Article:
Economics, science, and society

Posted: 15 September 2011 in Uncategorized
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What is the relationship between economics, as a social science, and the natural sciences?

The usual argument is that the social and natural sciences are fundamentally different, that the natural sciences are objective in a manner that economists and other social scientists do not and cannot achieve. For Sean Carroll, it’s a matter of consensus versus contamination:

On the very basics of their fields (the Big Bang model, electromagnetism, natural selection), almost all natural scientists are in agreement. Social scientists seem to have trouble agreeing on the very foundations of their fields. If we cut taxes, will revenue go up or down? Does the death penalty deter crime or not? For many people, a lack of consensus gives them license to trust their own judgment as much as that of the experts. To put it another way: if we talked more about the bedrock principles of the field on which all experts agreed, and less about the contentious applications of detailed models to the real world, the public would likely be more ready to accept experts’ opinions. . .

. . .political inclinations and other non-epistemic factors color our social-scientific judgments, for experts as well as for novices. On a liberal/conservative axis, most sociologists are to the left of most economists. (Training as an economist allegedly makes people more selfish, but there are complicated questions of causation there.) Or more basically, social scientists will often approach real-world problems from the point of view of their specific discipline, in contrast with a broader view that the non-expert might find more relevant. (Let’s say the death penalty does deter crime; is it still permissible on moral grounds?) Natural scientists are blissfully free from this source of bias, at least most of the time. Evolution would be the obvious counterexample.

The problem is that commentators like Carroll continue to carry around a conception according to which the natural sciences are free of bias, and that natural scientists are able somehow to carry out their work independently of the society in which they work.

It’s a view of natural science disputed by the participants—Steven Rose, Andy Rowell, and Connie St louis—in a recent Red Pepper roundtable on science and society.

‘Actually I don’t think there’s any such thing as science,’ states neuroscientist Professor Steven Rose at the start of Red Pepper’s roundtable on the subject. He pauses while we contemplate his opening remark. ‘There are only “sciences” – different ways of approaching and trying to understand and make sense of the world.’

Science is still popularly viewed as a uniform realm of objectivity: an organised way of knowing the world in the form of testable explanations and predictions. Rose offers a different definition: ‘Scientific questions don’t exist outside of the social framework in which those questions are phrased, so the sorts of science that are done in one culture, one social context, one historical epoch, are very different. There’s no science outside the society in which it is embedded.’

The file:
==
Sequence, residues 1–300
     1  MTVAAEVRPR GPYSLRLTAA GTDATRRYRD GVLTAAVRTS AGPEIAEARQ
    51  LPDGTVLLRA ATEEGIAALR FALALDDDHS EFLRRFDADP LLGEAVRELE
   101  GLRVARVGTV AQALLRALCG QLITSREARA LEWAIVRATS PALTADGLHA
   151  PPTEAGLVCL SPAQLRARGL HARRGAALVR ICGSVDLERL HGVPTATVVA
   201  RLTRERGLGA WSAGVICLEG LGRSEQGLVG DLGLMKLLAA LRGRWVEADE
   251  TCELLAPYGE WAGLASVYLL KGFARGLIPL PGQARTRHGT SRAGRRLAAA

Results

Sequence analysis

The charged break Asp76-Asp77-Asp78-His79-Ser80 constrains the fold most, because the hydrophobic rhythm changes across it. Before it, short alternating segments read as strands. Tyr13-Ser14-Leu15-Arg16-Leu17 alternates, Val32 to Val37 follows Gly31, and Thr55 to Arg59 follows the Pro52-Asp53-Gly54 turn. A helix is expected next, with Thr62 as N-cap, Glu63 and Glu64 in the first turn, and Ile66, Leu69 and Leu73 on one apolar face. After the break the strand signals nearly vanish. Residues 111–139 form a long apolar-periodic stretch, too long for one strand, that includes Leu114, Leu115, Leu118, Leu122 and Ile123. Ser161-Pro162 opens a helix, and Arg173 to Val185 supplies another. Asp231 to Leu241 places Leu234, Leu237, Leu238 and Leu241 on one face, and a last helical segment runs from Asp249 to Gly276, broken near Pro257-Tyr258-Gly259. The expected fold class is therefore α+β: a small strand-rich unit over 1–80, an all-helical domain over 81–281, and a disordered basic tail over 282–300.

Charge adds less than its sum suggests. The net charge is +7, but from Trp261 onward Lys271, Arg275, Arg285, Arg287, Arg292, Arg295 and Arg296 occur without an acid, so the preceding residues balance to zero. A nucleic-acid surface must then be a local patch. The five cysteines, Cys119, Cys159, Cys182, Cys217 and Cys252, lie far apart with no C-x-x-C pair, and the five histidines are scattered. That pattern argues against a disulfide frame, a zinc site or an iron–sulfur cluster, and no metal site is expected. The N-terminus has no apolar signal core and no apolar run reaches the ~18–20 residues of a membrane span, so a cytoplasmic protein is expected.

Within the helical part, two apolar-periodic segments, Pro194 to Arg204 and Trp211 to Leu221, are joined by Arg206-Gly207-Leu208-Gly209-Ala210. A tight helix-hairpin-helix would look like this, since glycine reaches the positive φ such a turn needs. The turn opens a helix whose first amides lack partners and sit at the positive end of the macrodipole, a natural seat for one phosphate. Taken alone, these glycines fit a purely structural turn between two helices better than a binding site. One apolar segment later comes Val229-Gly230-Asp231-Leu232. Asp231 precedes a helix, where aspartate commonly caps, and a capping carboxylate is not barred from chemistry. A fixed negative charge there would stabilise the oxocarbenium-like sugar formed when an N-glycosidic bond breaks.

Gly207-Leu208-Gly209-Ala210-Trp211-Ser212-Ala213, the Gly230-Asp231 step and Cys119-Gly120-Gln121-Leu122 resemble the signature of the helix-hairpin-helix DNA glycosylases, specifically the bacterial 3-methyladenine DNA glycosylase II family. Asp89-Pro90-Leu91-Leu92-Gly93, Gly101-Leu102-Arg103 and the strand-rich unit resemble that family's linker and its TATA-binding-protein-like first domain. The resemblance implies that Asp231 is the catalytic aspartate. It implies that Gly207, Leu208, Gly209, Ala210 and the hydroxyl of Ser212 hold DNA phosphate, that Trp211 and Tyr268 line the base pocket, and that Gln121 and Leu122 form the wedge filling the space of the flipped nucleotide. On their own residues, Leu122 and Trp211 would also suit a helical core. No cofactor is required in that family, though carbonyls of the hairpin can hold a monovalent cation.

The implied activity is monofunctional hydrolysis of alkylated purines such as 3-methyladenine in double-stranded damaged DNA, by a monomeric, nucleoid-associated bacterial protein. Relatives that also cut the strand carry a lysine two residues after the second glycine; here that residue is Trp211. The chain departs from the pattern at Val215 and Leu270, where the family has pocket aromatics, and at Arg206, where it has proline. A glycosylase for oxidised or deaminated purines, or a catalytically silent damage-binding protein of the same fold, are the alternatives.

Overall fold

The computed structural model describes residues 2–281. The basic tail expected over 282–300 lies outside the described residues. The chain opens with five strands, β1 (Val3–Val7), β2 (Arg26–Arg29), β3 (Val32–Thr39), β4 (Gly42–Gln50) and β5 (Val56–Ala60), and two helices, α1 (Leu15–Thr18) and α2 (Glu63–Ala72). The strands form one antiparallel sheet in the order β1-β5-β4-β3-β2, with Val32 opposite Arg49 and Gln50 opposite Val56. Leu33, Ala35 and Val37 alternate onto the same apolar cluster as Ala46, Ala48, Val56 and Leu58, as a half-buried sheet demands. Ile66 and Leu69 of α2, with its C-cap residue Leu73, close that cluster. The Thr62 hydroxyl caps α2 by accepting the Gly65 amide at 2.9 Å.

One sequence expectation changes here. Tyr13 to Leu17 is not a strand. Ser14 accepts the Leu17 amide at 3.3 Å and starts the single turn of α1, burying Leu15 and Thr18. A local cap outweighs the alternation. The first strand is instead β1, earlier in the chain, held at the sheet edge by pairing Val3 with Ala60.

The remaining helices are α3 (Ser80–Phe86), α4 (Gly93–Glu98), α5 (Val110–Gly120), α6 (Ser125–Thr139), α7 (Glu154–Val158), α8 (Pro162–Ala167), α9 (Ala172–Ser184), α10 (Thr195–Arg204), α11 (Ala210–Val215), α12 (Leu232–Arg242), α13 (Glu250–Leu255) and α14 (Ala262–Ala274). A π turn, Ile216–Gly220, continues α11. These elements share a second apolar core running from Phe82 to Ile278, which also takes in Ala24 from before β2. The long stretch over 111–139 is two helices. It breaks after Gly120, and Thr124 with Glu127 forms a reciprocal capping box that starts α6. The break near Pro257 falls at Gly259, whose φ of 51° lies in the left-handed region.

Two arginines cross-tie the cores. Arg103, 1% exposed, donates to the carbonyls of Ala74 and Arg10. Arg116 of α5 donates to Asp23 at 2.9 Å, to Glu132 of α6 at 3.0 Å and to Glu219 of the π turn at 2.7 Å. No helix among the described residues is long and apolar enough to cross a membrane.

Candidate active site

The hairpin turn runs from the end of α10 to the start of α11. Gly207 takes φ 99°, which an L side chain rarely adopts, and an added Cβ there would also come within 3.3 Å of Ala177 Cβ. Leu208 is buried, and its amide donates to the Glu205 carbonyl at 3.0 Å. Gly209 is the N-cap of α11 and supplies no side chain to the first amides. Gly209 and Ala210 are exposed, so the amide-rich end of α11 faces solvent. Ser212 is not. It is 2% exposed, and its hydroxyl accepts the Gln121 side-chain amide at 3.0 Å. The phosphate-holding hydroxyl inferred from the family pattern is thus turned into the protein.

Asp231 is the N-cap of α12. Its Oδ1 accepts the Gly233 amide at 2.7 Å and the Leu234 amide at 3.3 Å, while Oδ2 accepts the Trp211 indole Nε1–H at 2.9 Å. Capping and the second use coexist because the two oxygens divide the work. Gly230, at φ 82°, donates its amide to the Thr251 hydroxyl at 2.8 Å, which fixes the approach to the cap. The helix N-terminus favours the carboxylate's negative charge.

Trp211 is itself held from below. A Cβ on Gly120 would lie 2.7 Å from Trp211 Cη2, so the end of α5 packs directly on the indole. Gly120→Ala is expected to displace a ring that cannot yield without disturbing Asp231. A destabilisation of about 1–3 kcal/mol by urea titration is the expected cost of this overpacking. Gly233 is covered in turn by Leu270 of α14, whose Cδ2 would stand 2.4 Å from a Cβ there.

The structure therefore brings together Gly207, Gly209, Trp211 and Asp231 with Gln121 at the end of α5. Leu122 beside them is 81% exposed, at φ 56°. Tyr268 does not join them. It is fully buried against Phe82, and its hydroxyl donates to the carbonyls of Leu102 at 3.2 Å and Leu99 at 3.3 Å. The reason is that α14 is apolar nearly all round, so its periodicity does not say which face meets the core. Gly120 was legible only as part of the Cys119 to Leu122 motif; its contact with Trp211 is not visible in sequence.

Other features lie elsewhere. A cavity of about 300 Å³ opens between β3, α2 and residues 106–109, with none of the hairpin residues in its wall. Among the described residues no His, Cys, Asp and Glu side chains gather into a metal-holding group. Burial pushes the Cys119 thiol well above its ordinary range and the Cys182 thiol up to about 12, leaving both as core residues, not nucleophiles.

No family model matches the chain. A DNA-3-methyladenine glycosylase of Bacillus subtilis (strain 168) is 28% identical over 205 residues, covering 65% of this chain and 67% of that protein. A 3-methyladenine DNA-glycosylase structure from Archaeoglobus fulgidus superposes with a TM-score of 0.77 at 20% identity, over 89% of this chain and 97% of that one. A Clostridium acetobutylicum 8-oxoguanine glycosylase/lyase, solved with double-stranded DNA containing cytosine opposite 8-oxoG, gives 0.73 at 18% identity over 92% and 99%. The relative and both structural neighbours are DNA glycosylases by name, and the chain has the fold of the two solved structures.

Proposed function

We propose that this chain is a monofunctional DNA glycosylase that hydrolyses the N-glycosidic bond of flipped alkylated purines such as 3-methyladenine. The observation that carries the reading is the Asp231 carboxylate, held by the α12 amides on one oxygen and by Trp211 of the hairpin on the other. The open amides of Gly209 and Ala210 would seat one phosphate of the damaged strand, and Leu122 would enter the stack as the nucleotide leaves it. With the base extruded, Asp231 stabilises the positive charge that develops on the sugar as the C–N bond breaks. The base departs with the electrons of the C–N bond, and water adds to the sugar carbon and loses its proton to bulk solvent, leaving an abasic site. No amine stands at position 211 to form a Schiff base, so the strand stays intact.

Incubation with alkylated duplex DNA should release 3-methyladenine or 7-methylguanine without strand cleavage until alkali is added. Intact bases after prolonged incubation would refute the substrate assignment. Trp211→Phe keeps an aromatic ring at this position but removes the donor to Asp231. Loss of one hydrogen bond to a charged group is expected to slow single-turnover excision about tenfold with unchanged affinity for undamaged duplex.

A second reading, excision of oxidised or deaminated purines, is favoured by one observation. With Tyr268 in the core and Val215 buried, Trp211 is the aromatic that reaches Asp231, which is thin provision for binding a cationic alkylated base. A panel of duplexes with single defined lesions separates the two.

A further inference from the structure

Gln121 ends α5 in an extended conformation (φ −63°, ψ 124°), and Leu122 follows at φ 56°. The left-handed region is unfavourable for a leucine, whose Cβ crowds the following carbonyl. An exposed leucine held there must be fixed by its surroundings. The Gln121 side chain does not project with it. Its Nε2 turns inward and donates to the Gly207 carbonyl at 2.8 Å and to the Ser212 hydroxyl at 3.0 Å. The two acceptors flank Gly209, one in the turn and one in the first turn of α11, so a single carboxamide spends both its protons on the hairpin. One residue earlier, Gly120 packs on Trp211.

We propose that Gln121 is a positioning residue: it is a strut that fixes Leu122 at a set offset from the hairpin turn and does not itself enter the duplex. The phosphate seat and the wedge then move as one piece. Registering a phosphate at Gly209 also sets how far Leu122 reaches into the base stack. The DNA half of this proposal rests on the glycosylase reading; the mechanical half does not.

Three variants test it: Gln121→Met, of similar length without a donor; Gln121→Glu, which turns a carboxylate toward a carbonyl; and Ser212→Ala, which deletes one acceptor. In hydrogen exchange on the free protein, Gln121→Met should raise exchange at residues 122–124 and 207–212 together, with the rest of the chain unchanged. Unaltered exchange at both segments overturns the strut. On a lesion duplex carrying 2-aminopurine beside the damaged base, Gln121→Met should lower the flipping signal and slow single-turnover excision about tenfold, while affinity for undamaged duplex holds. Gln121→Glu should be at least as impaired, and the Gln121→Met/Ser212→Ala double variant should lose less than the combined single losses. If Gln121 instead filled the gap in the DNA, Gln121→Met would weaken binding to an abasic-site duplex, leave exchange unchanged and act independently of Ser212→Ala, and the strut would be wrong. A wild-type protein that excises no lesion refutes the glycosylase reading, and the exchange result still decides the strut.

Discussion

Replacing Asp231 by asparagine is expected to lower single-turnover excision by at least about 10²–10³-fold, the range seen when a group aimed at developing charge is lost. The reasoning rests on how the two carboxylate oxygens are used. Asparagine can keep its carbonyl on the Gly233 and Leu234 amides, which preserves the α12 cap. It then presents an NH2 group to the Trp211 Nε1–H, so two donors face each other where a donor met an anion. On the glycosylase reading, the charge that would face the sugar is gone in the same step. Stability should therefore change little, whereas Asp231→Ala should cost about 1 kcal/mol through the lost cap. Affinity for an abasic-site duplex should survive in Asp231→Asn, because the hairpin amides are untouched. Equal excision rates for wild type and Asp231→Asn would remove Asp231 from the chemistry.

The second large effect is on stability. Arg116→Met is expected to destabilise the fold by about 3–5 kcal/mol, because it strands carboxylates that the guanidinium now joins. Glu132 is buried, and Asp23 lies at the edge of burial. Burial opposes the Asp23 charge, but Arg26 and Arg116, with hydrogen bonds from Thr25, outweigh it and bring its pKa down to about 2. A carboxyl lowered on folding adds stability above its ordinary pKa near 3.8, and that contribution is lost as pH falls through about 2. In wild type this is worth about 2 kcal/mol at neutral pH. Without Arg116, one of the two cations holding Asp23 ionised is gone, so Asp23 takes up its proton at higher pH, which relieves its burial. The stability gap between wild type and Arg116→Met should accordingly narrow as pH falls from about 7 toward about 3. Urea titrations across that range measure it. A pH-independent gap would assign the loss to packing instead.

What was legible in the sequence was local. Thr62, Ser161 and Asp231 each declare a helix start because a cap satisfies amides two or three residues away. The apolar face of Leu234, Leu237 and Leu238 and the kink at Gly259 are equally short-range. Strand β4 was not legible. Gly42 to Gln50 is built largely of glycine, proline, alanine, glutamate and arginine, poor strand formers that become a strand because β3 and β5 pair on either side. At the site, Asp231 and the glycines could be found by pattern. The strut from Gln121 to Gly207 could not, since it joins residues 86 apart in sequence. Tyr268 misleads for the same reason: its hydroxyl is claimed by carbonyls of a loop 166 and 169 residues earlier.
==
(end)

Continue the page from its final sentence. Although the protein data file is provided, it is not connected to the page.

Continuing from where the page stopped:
The link to the audio version of the conversation is here.

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Comments
  1. Bruce says:

    I’ve been influenced for a long time by some of the terminology of the Kuhnian approach — a field, defined by the currently dominant paradigm of thought (which generates its own forms of “normal science”), periodically coming into crisis, which may or may not then be resolved by a “revolution” and the emergence of a new paradigm, after which “normal science” resumes on the new basis. (And “objectivity,” if it has meaning at all, is entirely a property of the practices of each “normal science.”) That’s Kuhn on “natural sciences.” Lots of room for social constitutivity there, for any of us who want to think about ideas that way.

    “Social sciences” don’t fit quite so neatly, economics in particular, since our field has been more-or-less permanently in crisis, in the sense that different and incompatible paradigms have been simultaneously present basically from the beginning (dueling, criticizing, rising and falling in influence, but persisting). Weirder still, each continues with its own varieties of “normal science” even as they contend, each tending to see the other guys as the ones who have a “crisis” to deal with.

    Sometimes, though, like the brief period after the financial crash, even the normal scientists within the dominant paradigm start feeling abnormal, and worried. Unfortunately, most of them manage to take a mental aspirin and wake up later convinced it was all a bad dream and normal science can go on largely as before. (Government did it, real supply shocks did it, ….)

    Among all the other things we do and try to do, it’s a task for the rest of us to keep rocking the boat, keep making it uncomfortable for the mainstream to feel “normal” and “objective.”

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